The sandals arrived Thursday, another reminder of what “business as usual” once meant.
Mary Langen, the owner of the Silver Fox boutique on Ingersoll Avenue, had thought they would sell quickly as spring arrived. She ordered 25 pairs of them, flats by Papucei, with a variety of flourishes: polka dots, stripes and flowers.
She envisioned her customers — women over 40, mostly — welcoming the warmth with a few splurges. But on Thursday, the front door of the Silver Fox remained locked. Langen, 59, didn’t bother to switch on the lights in the showroom or dressing room.
Amid Gov. Kim Reynolds’ declaration of a public health emergency over the spread of COVID-19, Langen had told her 10 part-time employees to stay home this week and allowed a handful of customers in, one at a time, by appointment. She has also sent boxes of clothes to some of her regulars, charging their accounts and asking them to mail back whatever items they didn’t want.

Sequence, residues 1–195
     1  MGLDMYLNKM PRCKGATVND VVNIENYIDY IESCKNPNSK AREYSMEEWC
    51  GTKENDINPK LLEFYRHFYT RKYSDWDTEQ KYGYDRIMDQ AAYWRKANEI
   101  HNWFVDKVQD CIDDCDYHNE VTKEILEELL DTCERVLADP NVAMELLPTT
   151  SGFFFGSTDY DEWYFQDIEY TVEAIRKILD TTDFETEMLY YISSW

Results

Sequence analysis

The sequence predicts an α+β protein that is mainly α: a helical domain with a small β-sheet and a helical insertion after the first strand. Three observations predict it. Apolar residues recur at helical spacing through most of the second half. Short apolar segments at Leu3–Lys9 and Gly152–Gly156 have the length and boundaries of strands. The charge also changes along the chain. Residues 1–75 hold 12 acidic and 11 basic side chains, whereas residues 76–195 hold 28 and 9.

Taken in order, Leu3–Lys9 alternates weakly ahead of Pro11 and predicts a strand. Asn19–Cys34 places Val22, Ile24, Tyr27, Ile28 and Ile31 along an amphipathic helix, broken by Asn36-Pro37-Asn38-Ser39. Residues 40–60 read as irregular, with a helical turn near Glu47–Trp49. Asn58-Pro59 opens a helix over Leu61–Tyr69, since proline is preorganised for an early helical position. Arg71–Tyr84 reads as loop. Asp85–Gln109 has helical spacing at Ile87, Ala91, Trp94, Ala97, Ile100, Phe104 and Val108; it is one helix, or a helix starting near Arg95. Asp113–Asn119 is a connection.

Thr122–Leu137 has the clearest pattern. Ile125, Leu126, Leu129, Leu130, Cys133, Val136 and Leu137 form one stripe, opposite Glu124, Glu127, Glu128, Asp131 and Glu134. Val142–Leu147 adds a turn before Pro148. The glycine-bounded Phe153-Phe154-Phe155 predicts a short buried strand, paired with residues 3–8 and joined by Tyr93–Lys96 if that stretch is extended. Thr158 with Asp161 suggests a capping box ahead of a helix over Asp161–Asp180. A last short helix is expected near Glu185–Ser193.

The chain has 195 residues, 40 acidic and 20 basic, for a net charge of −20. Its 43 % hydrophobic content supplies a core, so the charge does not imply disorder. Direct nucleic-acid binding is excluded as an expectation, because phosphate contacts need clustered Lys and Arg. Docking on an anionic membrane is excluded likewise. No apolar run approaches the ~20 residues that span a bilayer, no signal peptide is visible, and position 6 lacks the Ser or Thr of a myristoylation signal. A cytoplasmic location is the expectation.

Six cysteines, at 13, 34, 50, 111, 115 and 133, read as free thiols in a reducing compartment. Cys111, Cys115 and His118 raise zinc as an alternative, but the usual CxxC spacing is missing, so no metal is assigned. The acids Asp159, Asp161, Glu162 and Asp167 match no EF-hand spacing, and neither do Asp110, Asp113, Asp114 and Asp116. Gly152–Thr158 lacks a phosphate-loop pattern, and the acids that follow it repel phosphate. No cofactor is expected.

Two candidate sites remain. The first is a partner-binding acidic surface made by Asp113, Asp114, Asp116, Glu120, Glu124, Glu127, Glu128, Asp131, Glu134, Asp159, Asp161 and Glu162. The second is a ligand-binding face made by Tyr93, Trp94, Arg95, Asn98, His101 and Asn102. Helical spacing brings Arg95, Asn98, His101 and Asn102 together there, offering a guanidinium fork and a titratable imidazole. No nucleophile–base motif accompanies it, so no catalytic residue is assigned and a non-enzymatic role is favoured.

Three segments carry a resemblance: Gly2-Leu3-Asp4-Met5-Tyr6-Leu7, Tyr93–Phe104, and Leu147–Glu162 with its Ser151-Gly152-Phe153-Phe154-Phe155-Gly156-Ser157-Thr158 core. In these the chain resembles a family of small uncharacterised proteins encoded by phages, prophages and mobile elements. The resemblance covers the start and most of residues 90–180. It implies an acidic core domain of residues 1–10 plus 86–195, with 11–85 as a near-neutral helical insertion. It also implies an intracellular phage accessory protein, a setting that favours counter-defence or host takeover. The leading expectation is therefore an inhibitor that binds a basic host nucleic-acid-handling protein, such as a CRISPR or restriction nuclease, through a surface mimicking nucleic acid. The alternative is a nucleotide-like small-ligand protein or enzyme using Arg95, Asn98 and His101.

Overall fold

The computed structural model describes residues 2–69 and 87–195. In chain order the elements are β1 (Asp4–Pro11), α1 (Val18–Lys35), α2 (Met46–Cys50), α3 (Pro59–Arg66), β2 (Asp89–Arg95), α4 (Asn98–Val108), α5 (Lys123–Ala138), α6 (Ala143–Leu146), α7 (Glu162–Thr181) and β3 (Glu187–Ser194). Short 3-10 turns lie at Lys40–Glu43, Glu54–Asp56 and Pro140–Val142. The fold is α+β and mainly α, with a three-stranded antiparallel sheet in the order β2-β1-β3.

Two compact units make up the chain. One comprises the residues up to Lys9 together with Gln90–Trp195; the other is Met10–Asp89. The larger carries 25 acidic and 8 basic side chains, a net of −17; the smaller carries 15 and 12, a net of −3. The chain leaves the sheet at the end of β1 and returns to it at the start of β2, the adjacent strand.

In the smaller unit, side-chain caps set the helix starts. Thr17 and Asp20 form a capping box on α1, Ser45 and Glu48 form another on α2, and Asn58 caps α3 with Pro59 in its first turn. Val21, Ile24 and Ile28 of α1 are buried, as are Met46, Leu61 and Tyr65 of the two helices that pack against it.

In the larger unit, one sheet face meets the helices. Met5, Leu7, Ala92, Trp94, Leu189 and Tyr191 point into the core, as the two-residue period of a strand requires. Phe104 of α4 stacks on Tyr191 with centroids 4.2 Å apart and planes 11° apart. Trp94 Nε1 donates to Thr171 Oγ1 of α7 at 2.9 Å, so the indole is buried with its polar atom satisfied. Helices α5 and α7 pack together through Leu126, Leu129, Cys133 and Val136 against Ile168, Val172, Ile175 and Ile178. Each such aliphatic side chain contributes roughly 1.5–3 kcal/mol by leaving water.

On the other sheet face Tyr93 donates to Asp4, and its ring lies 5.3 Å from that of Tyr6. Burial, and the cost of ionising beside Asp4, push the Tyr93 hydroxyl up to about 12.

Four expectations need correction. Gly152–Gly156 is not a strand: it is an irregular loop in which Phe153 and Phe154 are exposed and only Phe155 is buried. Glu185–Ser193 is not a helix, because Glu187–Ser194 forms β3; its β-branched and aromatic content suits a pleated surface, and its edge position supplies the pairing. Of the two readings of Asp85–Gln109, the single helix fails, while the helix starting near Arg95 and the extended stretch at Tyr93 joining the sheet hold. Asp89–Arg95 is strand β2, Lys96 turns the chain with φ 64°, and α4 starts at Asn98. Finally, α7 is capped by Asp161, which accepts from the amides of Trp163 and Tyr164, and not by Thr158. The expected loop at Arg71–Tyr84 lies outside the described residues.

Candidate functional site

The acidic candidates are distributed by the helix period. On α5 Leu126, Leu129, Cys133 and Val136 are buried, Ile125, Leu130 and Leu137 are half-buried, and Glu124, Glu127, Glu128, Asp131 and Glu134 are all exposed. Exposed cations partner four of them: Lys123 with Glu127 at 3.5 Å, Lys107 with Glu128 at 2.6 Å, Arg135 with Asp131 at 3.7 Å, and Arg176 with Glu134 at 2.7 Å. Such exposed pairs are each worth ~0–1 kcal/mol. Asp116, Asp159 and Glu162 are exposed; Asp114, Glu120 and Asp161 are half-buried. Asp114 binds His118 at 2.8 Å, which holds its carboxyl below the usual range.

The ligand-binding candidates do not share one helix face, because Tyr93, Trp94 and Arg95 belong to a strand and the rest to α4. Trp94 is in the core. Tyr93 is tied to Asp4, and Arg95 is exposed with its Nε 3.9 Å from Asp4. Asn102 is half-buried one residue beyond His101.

But business, for the most part, was dead — though her orders of new clothes kept arriving every morning. Before the pandemic hit, she had signed contracts with vendors out of Chicago for shipments through June.
“I find myself praying,” she said. “And I try not to worry. Have I wrapped my head around what the financial implications of this could be? It could be — it could be horrible.”
Small business owners around Iowa are running the same calculations as Langen. How long can they stay open? Keep staff? Sustain their regular flow of expenses with just a small percentage of their usual revenue?
The state and federal governments are scrambling to assemble resources to help business owners through the economic shutdown. Here is some of the aid that’s available:
Disaster assistance loans
The U.S. Small Business Administration has relaxed some of the rules for how businesses qualify for the loans, which normally go to communities that have suffered from hurricanes, tornadoes or flooding.